Title: Yelena Eckemoff’s ‘Blooming Tall Phlox’ replays childhood memories
In a way, Yelena Eckemoff has spent her entire life breathing “in the happiness” of her childhood. Originally from the poem, “Scented candles and sparkling wine,” accompanying her latest album, this sentiment emboldens the Russian pianist and composer’s original works of art — of which there are many.
A prolific artist with a million ideas, Eckemoff follows up her May 2016 release, Leaving Everything Behind, with Blooming Tall Phlox. She actually worked on Blooming Tall Phlox earlier, recording the two-disk album in Finland Sept. 4-6, 2013 — two years before Leaving Everything Behind, currently on DownBeat’s “Best Albums of 2016.”
Both albums directly touch on her childhood in Russia, surrounded by a loving, extended family, the source of all her imaginative understanding.
In Blooming Tall Phlox (L&H Production), which comes out Jan. 20 officially, Eckemoff once again uses other media at her disposal and her discretion to bring her childhood to life. True to her classical-jazz impressionism, Eckemoff sees humanity in nature and objects of man-made construction.
Memories are found there, and she knows it.
Blooming Tall Phlox features an assortment of memories divided into two distinct categories based on the seasons of summer and winter. She devotes a foreign indie soundtrack to such things as “Apples laid out on the floor,” “Fish fried on open fire,” “Pine Needles warmed by the sun” — Disc 1 “Summer Smells” — and “Grandpa Lera’s bookcase,” “Mommy’s shawl,” and “Aunt Galya’s perfume” — Disc 2 “Winter Smells.”
For this extensive two-disk, 15-track album, Eckemoff plays with a group of musicians from overseas, Finland to be exact. They are Verneri Pohjola (trumpet, flugelhorn), Panu Savolainen (vibes), Antti Lötjönen (double bass), and Olavi Louhivuori (drums, percussion).
If music held the key to the spirits of loved ones, somehow Eckemoff has found a form of two-way communication. As in previous releases, she designed the album, she painted the cover of herself as a child amongst her beloved phlox, and she wrote the poems that glimpse even more of the feeling and thought behind the notes.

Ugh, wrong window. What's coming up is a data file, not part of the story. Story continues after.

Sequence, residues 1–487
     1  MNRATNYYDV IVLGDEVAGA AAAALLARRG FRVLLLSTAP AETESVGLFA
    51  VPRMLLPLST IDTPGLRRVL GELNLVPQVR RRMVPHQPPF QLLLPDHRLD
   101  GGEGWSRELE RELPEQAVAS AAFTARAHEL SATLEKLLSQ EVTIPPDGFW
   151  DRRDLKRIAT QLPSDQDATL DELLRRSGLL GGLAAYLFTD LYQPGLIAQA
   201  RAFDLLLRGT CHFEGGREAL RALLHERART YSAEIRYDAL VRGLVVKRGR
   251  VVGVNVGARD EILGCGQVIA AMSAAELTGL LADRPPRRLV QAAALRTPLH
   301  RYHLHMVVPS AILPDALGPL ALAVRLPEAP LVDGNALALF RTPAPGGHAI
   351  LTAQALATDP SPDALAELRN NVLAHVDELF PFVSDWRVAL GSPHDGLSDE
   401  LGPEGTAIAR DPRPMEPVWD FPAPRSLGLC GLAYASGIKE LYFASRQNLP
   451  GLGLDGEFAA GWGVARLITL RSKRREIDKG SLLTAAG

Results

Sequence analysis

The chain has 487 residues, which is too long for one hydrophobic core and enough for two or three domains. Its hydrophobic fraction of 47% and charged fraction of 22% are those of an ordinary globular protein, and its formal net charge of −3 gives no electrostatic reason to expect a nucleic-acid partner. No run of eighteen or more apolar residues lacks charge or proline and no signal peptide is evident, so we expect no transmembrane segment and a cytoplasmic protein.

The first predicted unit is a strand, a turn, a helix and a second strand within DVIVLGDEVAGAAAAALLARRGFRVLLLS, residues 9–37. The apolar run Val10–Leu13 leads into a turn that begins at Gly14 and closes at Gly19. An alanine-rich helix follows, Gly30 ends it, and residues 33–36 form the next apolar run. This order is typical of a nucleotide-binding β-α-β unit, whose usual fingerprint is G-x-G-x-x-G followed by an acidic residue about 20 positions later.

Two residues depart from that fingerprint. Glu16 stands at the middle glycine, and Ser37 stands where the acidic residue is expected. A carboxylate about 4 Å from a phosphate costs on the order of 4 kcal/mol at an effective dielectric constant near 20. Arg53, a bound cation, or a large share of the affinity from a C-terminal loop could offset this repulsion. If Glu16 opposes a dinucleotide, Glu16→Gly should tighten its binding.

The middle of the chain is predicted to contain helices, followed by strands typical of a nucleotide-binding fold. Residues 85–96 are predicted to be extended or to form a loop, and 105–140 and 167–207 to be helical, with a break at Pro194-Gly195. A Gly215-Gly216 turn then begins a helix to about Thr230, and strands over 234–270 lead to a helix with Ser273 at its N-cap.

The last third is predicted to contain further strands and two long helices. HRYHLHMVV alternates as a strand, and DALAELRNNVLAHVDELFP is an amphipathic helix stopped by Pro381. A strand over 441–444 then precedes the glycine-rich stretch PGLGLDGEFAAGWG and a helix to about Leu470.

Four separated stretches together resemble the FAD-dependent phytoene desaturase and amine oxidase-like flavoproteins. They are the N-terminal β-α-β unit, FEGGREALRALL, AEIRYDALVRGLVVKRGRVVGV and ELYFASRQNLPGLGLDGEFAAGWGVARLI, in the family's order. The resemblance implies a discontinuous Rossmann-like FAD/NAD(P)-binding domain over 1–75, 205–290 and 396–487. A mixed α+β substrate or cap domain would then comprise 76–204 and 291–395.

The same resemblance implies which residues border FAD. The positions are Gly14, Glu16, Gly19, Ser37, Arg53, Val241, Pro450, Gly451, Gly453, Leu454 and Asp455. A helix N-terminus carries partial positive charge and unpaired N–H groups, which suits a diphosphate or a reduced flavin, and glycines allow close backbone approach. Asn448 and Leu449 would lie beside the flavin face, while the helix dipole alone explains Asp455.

The love notes themselves are vastly detailed, yet dreamy, dense yet ethereal, reflective yet enlightening, confident yet full of give and take — traits Eckemoff shares.
This is an album to absorb in its entirety, from start to finish, with frequent browsing of the poetry and the art, a brief rumination of one’s own childhood memories and the possessions left behind.
Individual moments also convey a sense of nostalgia, longing, even a mystical wonder. The fairy dust of Eckemoff’s own piano intro on “Blooming Tall Phlox,” the percussive flap and flutter mimicking “Baba Liza’s Singer” sewing machine, the slick sensation of a horn’s tension and release on “Talks Over Hot Tea”… these things depict a child’s wonder at the everyday things adults take for granted.
To a child, there is still magic in the air, in everything she and those she holds dear touch.
Eckemoff’s modern jazz touches remain impressive, however. This is no atmospheric run, as evidenced strongly in “Apples laid out on the floor.” Everyone on this straight-ahead, post-modern piece exhibits a tactile sensation relevant to jazz’s harmonic building blocks and that sweet exchange of instrumental titles.
Eckemoff herself shows a mastery of both her classical training and later jazz interests in this composition especially. Her inflective, interior piano journey on “Apples laid out…” stands alone, no accompaniment necessary. The accompanying musicians, however, only add to the benefit of the overarching ideas of sensory perception in memories idealized through childhood.
They capture those idealized memories from sense of smell to music entirely. Don’t look for rough-hewn, nihilistic realism here. Eckemoff’s above that.
Yelena Eckemoff is a bandleader who uses every single resource exceptionally. Nothing ever goes to waste in her hands, either.